Concordia Could Collapse Under Its Own Weight



- Three dimensional images reveal that the 114,500-ton ship doesn't rest on a flat reef, but precariously sits on two pieces of rock placed at the bow and the stern.

- A video produced by a remotely operated vehicle (ROV) shows the ship hanging dangerously in the blue sea, with a deformed hull, while cracks are opening on her two rock supports.

The stricken Costa Concordia cruise liner might soon collapse under its own weight.

A video produced by a remotely operated vehicle (ROV) has revealed that the rocks on which the ship sits have now started crumbling dramatically.

The ROV video was shot on Feb. 11, nearly a month after the ship ran aground the Tuscan coast of Giglio, Italy, killing 17 people and leaving 15 missing.

NEWS: Concordia At Risk of Collapsing

The devastating disaster at sea will be analyzed through exclusive footage on Discovery Channel's Cruise Ship Disaster: Inside the Concordia, which airs on Sunday February 19 at 10pm E/P.

Although experts reassure that "no anomalies" are reported by the close monitoring of the hull and that the de-fueling operations run smoothly, with over 900 cubic meters of fuel pumped out so far, underwater images of the capsized ship appear to tell a different story.

Three dimensional images realized by a sophisticated multi-beam sonar and laser technologies which can be used at depths of 1500 feet, revealed that the 950 foot-long, 116 foot-wide, 114,500-ton ship precariously sits on two pieces of rock.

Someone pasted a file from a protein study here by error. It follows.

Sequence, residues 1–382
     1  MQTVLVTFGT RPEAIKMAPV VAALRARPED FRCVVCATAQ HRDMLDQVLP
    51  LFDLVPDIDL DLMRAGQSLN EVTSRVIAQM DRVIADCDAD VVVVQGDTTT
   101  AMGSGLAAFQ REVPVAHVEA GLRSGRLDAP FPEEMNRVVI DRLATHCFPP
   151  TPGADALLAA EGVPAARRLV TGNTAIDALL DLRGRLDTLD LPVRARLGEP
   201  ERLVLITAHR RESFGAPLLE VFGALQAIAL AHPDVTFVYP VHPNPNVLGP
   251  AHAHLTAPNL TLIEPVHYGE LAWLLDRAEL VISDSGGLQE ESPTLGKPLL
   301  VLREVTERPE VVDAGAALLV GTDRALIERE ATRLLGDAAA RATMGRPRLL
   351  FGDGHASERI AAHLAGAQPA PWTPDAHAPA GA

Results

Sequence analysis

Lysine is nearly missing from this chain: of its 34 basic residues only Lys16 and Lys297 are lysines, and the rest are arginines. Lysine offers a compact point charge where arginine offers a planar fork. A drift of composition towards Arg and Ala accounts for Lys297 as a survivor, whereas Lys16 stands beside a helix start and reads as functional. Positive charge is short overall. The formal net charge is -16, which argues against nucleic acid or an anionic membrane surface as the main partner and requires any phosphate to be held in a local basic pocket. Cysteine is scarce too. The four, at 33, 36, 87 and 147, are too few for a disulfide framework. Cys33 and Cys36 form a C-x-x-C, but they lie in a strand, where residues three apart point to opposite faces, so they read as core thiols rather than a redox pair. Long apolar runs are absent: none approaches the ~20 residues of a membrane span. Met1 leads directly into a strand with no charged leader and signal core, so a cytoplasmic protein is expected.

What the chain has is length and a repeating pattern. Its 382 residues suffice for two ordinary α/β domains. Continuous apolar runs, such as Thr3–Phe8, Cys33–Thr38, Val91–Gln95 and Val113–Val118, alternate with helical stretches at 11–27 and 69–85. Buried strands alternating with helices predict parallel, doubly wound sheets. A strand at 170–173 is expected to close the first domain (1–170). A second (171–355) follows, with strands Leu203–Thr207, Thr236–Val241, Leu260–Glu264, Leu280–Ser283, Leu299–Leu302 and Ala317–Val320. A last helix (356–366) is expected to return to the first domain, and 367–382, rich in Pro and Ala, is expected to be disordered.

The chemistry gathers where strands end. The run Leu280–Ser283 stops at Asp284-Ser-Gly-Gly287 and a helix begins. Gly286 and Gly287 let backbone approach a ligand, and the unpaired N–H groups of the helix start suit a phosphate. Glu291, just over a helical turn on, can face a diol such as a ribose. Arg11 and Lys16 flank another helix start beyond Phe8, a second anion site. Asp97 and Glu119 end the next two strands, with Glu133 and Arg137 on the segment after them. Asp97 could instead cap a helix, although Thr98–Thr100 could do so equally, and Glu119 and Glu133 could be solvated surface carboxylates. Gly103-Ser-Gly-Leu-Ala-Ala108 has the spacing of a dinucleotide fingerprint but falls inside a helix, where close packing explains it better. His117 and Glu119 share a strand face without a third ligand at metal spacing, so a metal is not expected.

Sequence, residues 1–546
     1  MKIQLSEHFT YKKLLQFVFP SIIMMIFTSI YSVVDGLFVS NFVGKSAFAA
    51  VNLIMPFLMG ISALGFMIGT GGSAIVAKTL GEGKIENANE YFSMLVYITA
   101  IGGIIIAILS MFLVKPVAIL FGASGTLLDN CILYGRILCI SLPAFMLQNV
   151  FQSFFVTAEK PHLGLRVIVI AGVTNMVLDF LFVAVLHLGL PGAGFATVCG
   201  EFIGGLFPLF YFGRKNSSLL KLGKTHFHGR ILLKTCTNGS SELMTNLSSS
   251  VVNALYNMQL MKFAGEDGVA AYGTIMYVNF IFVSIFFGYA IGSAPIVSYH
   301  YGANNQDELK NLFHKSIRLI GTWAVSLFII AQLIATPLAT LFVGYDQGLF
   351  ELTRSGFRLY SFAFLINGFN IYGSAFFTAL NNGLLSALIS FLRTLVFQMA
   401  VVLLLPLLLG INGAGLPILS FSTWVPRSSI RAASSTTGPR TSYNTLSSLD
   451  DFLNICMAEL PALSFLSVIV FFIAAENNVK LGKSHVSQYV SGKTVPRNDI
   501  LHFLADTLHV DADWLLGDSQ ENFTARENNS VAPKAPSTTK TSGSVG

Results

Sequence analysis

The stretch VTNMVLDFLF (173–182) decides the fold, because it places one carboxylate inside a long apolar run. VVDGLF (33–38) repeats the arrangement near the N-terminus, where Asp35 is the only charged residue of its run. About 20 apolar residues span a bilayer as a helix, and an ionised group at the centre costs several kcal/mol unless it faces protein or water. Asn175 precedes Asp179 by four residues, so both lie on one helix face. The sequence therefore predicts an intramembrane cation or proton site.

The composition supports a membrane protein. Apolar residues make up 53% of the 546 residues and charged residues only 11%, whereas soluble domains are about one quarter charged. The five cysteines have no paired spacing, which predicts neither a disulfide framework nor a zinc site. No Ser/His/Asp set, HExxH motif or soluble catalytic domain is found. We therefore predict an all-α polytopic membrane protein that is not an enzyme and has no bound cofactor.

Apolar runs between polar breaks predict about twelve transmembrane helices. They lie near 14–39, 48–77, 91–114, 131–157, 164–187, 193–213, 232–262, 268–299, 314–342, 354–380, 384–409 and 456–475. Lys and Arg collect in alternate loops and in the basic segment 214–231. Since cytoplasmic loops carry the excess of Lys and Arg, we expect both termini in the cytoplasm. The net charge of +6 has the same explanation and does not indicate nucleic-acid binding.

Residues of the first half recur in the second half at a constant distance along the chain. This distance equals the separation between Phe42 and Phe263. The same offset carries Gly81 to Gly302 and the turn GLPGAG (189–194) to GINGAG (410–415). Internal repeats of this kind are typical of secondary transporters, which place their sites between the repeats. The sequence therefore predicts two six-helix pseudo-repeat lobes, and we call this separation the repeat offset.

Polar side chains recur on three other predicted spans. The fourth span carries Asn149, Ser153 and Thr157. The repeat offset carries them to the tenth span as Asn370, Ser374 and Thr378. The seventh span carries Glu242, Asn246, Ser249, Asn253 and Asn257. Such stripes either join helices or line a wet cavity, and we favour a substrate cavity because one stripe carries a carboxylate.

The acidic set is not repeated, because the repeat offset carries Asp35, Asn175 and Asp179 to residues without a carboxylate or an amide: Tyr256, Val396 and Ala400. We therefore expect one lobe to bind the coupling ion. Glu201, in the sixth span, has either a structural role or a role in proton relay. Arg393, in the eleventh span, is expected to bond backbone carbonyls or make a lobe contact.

"The Concordia doesn't rest on a relatively flat rock platform. On the contrary, the bow and stern sit on two rocks, one larger and the other smaller. In between there is sloping sand which degrades by 20 percent toward deep sea," Andrea Faccioli, sales manager at Codevintec, the highly specialized company which produced the 3D images, told Discovery News.

Further investigation, carried by the ROV two weeks later, depicted an even more alarming scenario: the two pieces of rock on which the ship balances are now crumbling.

Operated by the ISPRA, Italy's National Institute for Environmental Protection and Research, the robot filmed the underwater parts of the hull as it proceeded from the bow toward the stern along that part of the ship which looks toward the sea.

Seen from those unique images, the 114,500-ton ship appears as she is hanging in the blue sea without any support.

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